Does Media Shape American Values?
Ever since the dawn of social media people have been infatuated with their phones. Social media seems to be the absolute power house of news, trends, and pop culture. It has had a heavy influence in society and american values.
The creation of Facebook, Instagram, Snapchat, etc. have given people a platform to post about their lifestyles, hobbies, and really whatever they want. Some people make accounts for their pets, and as ridiculous as it sounds I've seen an account for a slice of toast, and even one for a dog named Toast. Although I have to admit he is a cute little dog.
However, there is more to social media then just Instagram verified dogs. Lots of other popular social media platforms like Twitter and tumblr are responsible for making things trend. People typically do this by adding a hashtag to there post. Adding a hashtag usually helps start trends. Most of there platforms will even have trending feed, so that people can see what topics are popular in pop culture, society, news etc.
At this point you may be wondering, "How does this relate to how it shapes American values?" My answer to this question is that it does—greatly. Social media has become a huge part of society and communication. People look at what is popular on social media and immediately want it for themselves. There was an article published on familiesonline that stated how a 13 year old girl sent "provocative" photos because Kim Kardashian did it.
- 13-yr old schoolgirl sends provocative pic because ‘Kim Kardashian does it’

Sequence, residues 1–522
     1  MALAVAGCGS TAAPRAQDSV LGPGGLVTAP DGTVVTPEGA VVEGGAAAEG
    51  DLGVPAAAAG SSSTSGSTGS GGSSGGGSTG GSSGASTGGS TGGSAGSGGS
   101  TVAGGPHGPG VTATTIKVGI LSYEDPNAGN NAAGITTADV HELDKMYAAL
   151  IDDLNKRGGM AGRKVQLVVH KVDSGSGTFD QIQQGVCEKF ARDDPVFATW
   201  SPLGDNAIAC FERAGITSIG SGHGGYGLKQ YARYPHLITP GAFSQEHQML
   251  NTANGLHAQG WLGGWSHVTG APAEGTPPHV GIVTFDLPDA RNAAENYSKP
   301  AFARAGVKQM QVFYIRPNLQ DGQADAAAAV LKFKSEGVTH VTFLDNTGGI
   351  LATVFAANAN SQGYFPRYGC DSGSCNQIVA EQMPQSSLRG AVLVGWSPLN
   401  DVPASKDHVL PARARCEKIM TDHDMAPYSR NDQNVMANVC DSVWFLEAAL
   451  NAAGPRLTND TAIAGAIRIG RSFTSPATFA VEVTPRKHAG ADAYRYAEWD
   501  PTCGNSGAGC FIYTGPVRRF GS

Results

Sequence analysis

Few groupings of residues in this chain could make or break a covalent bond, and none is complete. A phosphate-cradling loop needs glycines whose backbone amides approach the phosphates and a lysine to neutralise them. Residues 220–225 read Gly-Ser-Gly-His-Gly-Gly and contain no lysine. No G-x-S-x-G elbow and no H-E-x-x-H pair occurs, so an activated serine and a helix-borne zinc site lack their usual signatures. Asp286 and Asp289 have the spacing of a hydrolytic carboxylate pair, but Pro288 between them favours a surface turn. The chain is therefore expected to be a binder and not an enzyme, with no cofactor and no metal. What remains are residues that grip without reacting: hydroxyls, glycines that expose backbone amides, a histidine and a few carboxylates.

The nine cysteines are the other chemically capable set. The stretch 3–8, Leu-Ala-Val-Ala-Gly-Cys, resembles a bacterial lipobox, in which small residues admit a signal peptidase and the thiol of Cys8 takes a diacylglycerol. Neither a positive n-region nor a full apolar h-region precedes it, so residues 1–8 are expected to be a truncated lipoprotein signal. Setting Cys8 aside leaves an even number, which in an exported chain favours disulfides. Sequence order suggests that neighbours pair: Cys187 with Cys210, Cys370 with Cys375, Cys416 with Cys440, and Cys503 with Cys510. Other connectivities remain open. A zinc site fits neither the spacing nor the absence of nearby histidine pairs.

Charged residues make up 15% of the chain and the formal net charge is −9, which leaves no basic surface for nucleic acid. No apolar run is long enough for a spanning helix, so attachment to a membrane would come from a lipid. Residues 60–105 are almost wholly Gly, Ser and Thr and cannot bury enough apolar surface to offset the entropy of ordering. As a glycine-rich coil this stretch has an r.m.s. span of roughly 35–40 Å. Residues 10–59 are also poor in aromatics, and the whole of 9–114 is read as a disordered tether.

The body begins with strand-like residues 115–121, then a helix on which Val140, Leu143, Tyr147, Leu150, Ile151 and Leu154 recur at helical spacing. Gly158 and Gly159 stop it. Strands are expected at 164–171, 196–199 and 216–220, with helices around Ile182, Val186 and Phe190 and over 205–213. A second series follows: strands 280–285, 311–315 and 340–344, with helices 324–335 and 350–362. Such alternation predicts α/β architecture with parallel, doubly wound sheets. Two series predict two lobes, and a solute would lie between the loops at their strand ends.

A 13-year old girl who was caught sending inappropriate photos to boys told her horrified mother that “Kim Kardashian does it”.
This means that social media can also be toxic and unhealthy. Another example is the whole "eating tide pods challenge" where people attempt to, well, eat a tide detergent pod. This can even cause death in some cases. It's an old game of "monkey see, monkey do."
There are several other instances outside of social media where people see someone do something ridiculous on TV or Youtube and want to attempt to do it. For example, when the TV show Jackass directed by Jeff Tremaine came out in Fall of 2000. The basis of the TV show was that a group of guys would go and find elaborate and funny ways to either hurt or humiliate themselves. It quickly gained a cult following and fanbase, however these a lot of these fans would attempt to recreate the stunts portrayed in the show, and end up hurting themselves severely, or even killing themselves.
- Teen dies after attempting "Jackass" movie stunt | Lubbock Online | Lubbock Avalan
ALBUQUERQUE (AP) — An Albuquerque teen died Monday while practicing what police say was a stunt he and a friend had seen on the movie "Jackass." Stephen Paul Rauen, 15, was ejected from the top of a friend's car in northeast Albuquerque afte
Now, just because media has contributed to society in all these negative forms, that doesn't mean it can't be positive. There are several of ways that media has positively shaped our values. Instances like film, music, and literature where the media is a form of storytelling, there can be several of lessons and morals to learn. For example, a satire is the use of humor, irony, exaggeration, or ridicule to expose and/or criticize people's vices typically in the context of contemporary politics or topical issues. This is important because it confronts a lot of negative stuff going on in society. A great example of satire is an essay written by John Swift, titled A Modest Proposal, where he pretty much sarcastically pitches the idea of eating children to survive. I know, its messed up but, This essay was crucial for its time, because it highlighted the severe famine in Ireland during the early 1700s. In 2015, 19 year old Irish/Pakistani Eireamhan Semple, meticulously explains the power of satire in John Swifts work in a TEDx Talks presentation.
There are several other ways that media shape American values positively. It a form of being integrated with each other, helps us stay communicated through art, and society and simply—human interaction.